Roast chicken is another favourite. I am trying to get them onto light-style curries or dhal – they will have a little taste (I don’t make it hot, I take the chilli out but keep the spices in) they might not particularly like it but I always put a little taste of whatever the base sauce, gravy or dressing is on their plate. Sometimes they like it, sometimes they don’t but at least you’re trying to develop their palate. It’s a real headache when you have to cook different meals. I don’t do that anymore because my girls are old enough. You have to start thinking like that from 3 onwards but always making sure you’ve got the simple, staples on offer so they don’t go hungry!

You decide to host an impromptu weekday dinner party. What are your ‘go-to’ dishes that always impress?
A Thai-style fish curry like the Coconut Curry with Blue-Eye Trevalla (p.132), it’s quick because you put everything in the one pot, the flavours are amazing because of the Asian ingredients you add to the sauce. You can always substitute chicken too. I might do something a little ‘extra, extra’ if I come across an ingredient that’s special – like perhaps, Spicy Fried Quail with Sichuan Pepper (p.143). If clams are in season, I can’t go past Linguine alle Vongole (p.63). I will make a really big pot of pasta, pop it in the middle of the table with a salad, that could easily work for mid-week dinner party. The idea of not serving individually but putting a platter on the table keeps everything convivial and casual!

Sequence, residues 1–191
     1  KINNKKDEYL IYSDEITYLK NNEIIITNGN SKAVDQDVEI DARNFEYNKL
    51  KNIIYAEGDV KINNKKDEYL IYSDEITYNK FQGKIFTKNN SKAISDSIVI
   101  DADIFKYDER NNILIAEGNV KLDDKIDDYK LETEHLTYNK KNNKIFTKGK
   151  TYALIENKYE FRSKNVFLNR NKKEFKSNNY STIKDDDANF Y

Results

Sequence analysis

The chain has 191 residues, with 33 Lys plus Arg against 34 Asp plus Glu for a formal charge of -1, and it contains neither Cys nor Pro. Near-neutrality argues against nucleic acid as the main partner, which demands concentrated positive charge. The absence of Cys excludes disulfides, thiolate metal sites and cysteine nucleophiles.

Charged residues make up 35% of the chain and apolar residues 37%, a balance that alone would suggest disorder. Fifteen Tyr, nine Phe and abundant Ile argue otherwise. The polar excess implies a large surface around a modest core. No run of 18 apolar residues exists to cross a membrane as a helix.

What are the biggest mistakes you can make planning an impromptu dinner party?
Picking too many dishes you’ve never attempted before! You need a staple dish in your repertoire that you know you can nail every time. Think about dishes you can prepare a little ahead of time so you’re not working away in the kitchen the whole time.

Can you get the ‘wow’ factor into a dinner party on a budget?

There are simple jelly recipes in the book like Berry Jelly (p.213) and Blueberry and Orange Jelly (p.213), anything turned out of a mould always gets a bit of a ‘wow’ when you present it! Always hone in on ingredients that are in season to keep costs down. Old favourites – like Sweet and Sour Chicken (p.147) – I have revamped in the book – I use chicken thighs which are inexpensive and you can feed a lot of people with that! I’ve also done a mince chapter – with a lot of different dishes. The Lebanese Lamb and Peas (p.179) is something I pull out occasionally and if you serve this up with steamed or Dirty Rice with Lentils (p.72), yoghurt and a shredded carrot salad, it can be a little exotic and fancy but you haven’t spent a fortune. I also love the Beef Kofta (p.176). Sometimes you need to apply a little more ‘skill’ when you’re cooking on a budget – in other words, making things from scratch like the kofta, pressing them onto the skewer yourself. I also love to deliver a fancy way to present dishes. You’re still using simple ingredients but you’re thinking about how you put it on the plate.

What food items should you always have in your pantry and fridge?
On my kitchen bench, there is never a lack of salt flakes rather than iodised table salt. I use flakes to finish dishes and whilst they’re cooking sometimes too. I find iodised table salt can be ‘too salty’ and it ‘burns’ the palate, in a way. The Australian Murray River salt – I use all the time – a little goes a long way.